Investing in bonds

A beginner's guide to bonds

It's easy to become confused about bonds – the term covers a wide range of financial products. Here, Ed Bowsher explains the main types of bond.

How gilts work and why they matter

In this video, Ed takes a look at UK government bonds – how they work, why they are important, and whether you should invest in them.

How corporate bonds work

In his third video on bonds, Ed looks at how corporate bonds work, how risky they are, and whether or not they're a good investment for most people.


Chart of the week: Greece – a better credit risk than the US?

The yield on the five-year Greek government bond has slipped beneath its US counterpart. For a country that has borrowed too much since its foundation to be considered a better credit risk than Uncle Sam seems absurd.

It makes sense to lend to governments

No matter how ramshackle or indebted the country, buying its bonds is rarely a bad idea, says Matthew Lynn.

The charts that matter: US jobless figures finally hit a fresh low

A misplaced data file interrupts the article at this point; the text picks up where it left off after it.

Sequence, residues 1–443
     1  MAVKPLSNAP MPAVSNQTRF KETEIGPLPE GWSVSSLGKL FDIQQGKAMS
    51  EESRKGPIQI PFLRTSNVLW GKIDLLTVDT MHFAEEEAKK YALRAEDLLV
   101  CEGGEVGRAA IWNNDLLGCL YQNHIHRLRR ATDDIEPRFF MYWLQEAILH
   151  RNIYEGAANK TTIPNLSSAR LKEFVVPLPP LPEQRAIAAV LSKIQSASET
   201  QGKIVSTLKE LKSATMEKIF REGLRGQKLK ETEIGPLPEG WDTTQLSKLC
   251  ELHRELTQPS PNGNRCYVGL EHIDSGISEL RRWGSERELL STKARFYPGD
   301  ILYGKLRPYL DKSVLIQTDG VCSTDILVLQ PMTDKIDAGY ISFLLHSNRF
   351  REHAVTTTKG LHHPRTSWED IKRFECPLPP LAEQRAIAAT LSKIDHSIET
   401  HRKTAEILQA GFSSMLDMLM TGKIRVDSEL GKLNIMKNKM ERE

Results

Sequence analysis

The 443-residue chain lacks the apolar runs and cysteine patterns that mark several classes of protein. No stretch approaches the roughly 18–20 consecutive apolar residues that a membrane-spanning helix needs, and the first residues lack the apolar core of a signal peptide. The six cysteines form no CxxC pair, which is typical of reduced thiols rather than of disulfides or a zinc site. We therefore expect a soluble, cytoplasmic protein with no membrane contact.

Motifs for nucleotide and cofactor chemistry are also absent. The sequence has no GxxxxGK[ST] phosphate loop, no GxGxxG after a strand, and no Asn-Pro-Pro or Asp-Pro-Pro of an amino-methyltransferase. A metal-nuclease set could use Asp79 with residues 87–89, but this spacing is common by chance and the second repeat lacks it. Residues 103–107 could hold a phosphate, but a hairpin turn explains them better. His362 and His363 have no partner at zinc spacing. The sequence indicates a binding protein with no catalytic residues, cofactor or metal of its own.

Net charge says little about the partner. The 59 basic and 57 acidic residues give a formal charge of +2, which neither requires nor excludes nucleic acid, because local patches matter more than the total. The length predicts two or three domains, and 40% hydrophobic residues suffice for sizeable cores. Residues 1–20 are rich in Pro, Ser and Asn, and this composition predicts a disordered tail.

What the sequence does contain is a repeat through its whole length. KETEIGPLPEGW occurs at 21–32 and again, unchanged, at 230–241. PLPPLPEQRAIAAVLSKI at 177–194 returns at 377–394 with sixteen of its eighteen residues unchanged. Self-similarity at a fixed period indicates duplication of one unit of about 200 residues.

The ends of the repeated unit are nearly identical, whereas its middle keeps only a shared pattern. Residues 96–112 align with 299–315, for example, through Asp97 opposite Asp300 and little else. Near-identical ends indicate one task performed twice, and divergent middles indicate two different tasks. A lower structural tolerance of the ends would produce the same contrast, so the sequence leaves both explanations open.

The four-week moving average of weekly US jobless claims fell to 207,000, the lowest level in nearly 50 years. John Stepek looks at the chart as well as all of the others that matter most to investors.

A symptom of our quantitative-easing-addled world

That Saudi Arabian oil giant Saudi Aramco was able to borrow so cheaply on the markets is odd, says John Stepek.

What is the yield curve saying?

An inverted yield curve usually means a recession lies ahead. Is this time different? And does it matter? John Stepek explains.

The charts that matter: have recession rumours been overstated?

With the “yield curve” bouncing back nicely, does that mean the risk of a recession is receding? To find out, John Stepek looks to the charts that matter most to the global economy. 

The charts that matter – a ray of hope in the US employment data

As US unemployment falls again, John Stepek looks at what it means for the markets and the global economy, plus a rundown of the rest of the charts that matter the most.

Latest recession scare is a false alarm

Markets have been spooked by the inversion of the US bond yield curve, which often – but not always – heralds a recession.

Are bond yields heading for new lows?

Government bond yields are turning negative. John Stepek looks at why people would pay to borrow from governments, and what it means for the markets and for your money.

A genuinely scary moment for markets

Markets took fright on Friday after the US Treasury bond “yield curve” inverted. John Stepek explains what that means, and why markets fear we could be heading for a recession.

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